Thursday 29 September 2016

Budget 2016 Blog: Your questions answered

Ailish O'Hora and Frank Whelan

Published 13/10/2015 | 06:50

Minister for Public Expenditure Brendan Howlin and Finance Minister Michael Noonan outside the Dail. Photo: Gerry Mooney
Minister for Public Expenditure Brendan Howlin and Finance Minister Michael Noonan outside the Dail. Photo: Gerry Mooney
Minister for Justice Michael Noonan presents Budget 2016 to the Dáil chamber. Photo: Oireachtas TV
Minister for Public Expenditure Brendan Howlin and Finance Minister Michael Noonan pose with Budget 2016 outside the Dail. Photo: Gerry Mooney
The scene outside Leinster House this morning. Photo: Gerry Mooney
Health Minister Leo Varadkar
Taoiseach Enda Kenny arrives at Government Buildings this morning. Photo: Gerry Mooney
The Minister for Public Expenditure and Reform Brendan Howlin TD and the Minister of Finance Michael Noonan TD Photo: Sam Boal/Rollingnews.ie

Join Ailish O'Hora and Frank Whelan for breaking news and views throughout the day as well as live coverage of the Budget 2016 speeches. We will also have Grant Thornton tax specialists here from 3pm to answer your personal tax/budget-related questions.

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Frequently Asked Questions:

  • Bank Transaction Fee: The €5 stamp duty on debit cards is being abolished. It is being replaced by a 12c fee per ATM cash withdrawal (i.e. 42 cash withdrawals will cost €5) ... and this charge is capped at €5 p.a.
    The charge does not apply to in-store retail purchases. It is not clear whether it applies to the cash back function in shops, but it is unlikely.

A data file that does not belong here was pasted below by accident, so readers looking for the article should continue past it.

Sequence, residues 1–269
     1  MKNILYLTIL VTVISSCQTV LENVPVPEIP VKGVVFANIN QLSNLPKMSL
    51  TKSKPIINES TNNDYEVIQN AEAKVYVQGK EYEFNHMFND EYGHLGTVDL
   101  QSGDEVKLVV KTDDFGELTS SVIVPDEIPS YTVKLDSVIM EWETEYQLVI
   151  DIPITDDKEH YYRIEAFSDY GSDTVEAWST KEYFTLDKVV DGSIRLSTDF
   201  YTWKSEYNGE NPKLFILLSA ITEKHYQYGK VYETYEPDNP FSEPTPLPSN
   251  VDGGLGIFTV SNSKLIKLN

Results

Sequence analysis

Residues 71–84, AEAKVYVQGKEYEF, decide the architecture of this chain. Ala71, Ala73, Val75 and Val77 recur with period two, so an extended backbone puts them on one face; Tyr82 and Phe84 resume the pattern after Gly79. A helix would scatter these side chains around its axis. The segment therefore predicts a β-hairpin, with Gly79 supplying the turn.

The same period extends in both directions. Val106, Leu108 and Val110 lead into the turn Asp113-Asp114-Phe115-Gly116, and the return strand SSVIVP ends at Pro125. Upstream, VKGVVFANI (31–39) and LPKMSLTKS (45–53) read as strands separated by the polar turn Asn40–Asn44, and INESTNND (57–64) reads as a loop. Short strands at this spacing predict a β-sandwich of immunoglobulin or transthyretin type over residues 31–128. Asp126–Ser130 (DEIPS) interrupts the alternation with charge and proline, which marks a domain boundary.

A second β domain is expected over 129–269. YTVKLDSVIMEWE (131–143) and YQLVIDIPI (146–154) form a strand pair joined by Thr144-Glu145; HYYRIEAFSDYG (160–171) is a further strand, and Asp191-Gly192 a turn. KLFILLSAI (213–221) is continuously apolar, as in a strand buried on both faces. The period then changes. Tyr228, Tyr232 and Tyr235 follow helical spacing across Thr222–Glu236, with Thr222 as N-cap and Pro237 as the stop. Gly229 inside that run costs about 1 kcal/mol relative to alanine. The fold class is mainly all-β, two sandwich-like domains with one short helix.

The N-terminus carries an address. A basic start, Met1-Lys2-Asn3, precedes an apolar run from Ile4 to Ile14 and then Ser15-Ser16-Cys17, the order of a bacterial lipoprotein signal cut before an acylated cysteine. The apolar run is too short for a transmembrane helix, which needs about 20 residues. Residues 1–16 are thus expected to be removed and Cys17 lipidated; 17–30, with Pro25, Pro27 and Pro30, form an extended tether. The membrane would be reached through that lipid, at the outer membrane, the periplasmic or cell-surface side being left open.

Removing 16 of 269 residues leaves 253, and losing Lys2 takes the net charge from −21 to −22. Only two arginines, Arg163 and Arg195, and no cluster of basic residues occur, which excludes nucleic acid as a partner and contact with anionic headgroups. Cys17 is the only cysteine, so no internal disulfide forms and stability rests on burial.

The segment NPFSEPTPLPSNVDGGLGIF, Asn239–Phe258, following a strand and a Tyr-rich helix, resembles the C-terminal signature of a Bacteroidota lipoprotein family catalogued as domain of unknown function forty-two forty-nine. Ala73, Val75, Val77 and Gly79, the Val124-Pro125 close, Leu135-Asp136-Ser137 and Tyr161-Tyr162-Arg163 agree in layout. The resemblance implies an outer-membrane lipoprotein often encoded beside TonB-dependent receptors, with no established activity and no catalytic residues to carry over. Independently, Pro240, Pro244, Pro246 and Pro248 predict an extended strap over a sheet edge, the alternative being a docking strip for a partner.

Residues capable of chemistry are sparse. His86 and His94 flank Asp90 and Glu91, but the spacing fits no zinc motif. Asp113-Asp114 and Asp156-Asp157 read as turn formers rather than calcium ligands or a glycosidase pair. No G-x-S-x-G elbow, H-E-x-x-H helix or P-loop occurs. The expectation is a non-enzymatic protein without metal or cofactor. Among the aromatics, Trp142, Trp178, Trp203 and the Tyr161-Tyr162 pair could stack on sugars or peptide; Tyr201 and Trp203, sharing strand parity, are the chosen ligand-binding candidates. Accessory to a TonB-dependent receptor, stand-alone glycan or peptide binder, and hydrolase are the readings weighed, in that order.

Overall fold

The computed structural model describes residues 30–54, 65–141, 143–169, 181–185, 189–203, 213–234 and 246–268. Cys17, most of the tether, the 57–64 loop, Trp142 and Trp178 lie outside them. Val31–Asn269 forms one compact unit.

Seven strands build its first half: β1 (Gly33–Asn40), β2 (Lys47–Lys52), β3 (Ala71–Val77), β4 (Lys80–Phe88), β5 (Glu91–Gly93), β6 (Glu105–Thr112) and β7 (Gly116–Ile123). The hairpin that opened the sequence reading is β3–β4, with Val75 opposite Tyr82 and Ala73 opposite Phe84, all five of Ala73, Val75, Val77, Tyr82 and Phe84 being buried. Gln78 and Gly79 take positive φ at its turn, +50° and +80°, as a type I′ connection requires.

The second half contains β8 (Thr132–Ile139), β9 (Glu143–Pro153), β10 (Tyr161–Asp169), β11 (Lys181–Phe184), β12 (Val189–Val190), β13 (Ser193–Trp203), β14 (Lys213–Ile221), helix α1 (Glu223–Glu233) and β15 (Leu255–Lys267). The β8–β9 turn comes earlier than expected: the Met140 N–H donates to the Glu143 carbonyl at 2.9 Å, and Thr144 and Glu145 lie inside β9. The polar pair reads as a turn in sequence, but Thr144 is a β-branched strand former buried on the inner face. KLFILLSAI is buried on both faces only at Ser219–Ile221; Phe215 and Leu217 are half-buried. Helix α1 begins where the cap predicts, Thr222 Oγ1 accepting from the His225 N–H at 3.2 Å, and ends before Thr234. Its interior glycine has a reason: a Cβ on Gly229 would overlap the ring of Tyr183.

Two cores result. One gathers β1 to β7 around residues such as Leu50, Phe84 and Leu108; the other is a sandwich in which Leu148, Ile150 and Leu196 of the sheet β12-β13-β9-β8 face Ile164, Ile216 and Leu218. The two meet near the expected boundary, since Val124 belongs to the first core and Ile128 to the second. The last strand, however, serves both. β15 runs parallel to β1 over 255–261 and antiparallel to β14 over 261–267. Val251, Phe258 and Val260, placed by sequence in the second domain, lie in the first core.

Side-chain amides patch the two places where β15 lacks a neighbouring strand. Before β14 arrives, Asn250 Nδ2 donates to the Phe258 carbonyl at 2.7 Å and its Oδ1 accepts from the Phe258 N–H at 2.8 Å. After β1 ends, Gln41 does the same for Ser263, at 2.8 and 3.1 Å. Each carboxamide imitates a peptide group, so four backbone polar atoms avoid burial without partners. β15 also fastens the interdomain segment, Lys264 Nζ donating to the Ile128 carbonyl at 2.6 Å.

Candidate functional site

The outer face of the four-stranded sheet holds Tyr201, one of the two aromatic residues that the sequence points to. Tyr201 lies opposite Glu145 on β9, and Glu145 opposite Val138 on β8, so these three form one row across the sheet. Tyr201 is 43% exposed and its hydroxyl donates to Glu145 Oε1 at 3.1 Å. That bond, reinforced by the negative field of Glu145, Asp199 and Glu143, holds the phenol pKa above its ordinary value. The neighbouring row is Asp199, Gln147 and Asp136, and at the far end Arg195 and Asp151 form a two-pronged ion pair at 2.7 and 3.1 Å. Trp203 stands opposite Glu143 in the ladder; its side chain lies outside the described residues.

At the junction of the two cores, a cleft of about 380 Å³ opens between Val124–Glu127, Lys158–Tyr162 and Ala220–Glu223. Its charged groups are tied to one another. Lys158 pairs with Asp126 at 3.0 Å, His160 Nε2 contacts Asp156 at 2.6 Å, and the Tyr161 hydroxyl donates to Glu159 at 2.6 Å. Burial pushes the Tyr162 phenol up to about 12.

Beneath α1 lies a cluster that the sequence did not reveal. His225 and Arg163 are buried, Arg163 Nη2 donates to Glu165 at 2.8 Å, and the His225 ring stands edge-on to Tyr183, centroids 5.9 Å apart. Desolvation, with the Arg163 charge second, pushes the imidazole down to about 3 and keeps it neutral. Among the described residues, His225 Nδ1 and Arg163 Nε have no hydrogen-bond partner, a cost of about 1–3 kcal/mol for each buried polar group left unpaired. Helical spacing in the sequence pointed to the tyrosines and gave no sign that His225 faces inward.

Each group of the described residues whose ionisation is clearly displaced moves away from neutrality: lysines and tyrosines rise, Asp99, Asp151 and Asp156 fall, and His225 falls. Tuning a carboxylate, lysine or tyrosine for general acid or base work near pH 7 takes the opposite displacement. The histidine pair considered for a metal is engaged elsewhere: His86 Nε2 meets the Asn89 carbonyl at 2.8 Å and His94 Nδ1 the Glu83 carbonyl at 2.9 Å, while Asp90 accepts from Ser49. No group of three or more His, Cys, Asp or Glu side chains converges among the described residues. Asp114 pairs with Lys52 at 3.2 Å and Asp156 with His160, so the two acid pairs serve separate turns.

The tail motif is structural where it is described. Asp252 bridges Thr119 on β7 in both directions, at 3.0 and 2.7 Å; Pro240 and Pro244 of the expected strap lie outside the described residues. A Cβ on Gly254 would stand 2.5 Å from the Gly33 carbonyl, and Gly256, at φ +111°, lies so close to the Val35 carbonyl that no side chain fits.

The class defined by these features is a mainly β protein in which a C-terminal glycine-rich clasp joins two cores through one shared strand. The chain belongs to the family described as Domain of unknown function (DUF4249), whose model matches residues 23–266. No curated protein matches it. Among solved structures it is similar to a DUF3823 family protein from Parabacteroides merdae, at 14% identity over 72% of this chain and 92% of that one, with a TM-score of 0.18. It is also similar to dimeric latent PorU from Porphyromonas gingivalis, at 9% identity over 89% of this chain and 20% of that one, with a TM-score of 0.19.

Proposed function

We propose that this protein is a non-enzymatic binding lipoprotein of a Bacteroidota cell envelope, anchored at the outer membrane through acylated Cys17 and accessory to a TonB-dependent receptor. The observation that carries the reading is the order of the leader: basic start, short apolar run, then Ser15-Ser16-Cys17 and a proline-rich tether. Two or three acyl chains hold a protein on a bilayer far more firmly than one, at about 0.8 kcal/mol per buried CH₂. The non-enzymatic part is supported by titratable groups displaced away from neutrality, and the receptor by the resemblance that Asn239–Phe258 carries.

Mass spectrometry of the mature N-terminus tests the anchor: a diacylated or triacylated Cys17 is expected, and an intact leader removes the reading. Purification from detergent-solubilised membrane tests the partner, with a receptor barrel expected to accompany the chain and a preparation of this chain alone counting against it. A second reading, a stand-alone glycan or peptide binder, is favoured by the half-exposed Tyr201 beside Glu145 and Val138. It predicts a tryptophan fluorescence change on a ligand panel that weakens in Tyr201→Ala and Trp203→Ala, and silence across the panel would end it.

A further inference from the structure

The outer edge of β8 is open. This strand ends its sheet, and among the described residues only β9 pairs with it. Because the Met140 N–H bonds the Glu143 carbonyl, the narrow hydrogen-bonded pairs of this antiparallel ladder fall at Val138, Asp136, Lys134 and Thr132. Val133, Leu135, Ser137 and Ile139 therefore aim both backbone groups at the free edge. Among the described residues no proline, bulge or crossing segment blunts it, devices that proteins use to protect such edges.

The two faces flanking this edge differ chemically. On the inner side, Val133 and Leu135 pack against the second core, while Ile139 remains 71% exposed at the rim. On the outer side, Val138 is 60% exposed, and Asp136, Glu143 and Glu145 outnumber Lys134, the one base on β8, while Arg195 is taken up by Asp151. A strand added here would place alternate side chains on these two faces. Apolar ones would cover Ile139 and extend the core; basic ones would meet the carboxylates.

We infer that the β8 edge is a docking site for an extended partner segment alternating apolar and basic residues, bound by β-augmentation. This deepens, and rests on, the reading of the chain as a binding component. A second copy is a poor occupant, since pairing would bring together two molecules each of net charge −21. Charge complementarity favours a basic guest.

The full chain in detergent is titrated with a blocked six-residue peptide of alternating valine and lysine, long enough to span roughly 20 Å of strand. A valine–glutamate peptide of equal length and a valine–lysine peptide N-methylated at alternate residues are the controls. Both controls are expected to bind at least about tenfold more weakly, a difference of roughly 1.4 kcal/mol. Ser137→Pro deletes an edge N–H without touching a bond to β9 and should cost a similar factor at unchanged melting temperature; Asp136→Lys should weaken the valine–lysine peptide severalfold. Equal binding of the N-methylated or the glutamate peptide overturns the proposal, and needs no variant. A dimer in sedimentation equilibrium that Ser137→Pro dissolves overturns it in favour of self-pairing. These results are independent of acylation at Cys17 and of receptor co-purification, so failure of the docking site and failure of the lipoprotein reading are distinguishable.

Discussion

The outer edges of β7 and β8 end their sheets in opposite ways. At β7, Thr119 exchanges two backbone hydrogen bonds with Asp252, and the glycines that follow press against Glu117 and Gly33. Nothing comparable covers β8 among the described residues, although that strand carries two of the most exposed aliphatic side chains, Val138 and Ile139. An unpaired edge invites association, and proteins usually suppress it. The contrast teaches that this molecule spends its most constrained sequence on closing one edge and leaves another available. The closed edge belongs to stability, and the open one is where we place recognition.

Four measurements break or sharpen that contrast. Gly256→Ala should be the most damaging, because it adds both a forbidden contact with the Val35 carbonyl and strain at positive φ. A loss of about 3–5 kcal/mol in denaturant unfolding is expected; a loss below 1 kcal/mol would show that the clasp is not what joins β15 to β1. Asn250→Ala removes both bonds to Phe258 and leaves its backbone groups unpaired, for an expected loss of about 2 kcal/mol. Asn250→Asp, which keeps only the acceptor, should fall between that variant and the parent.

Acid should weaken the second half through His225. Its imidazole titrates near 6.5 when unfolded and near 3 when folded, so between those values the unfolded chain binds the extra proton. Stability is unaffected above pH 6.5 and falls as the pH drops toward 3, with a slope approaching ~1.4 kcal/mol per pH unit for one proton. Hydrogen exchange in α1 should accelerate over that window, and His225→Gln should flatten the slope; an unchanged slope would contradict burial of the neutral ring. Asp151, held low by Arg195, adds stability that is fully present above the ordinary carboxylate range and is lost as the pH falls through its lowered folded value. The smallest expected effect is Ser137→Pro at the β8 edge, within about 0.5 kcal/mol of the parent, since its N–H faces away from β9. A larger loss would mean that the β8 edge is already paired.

• Private pension levy abolished. Does not affect public sector pension levy.

  • Changes to the USC start in January 2016.
    The USC rates change, as expected, from 1.5% to 1% on the first 12,012 euro; from 3.5% to 3% for the next bracket from 12,012 euro to an increased level of 18,668 euro and from 7% to 5.5% for higher earners on income in excess of 18,668 euro up to 70,044 euro.

  • Statutory paternity leave - two weeks paid leave starting September 2016. No further details.

  • Early Childhood Care - Children will now be eligible for the Early Childhood Care and Education Scheme (which offers free education for pre-schoolers) from the age of three to five and half or until they begin primary school.

  • The only tax increase announced was the addition of 50c on a packet of cigarettes.

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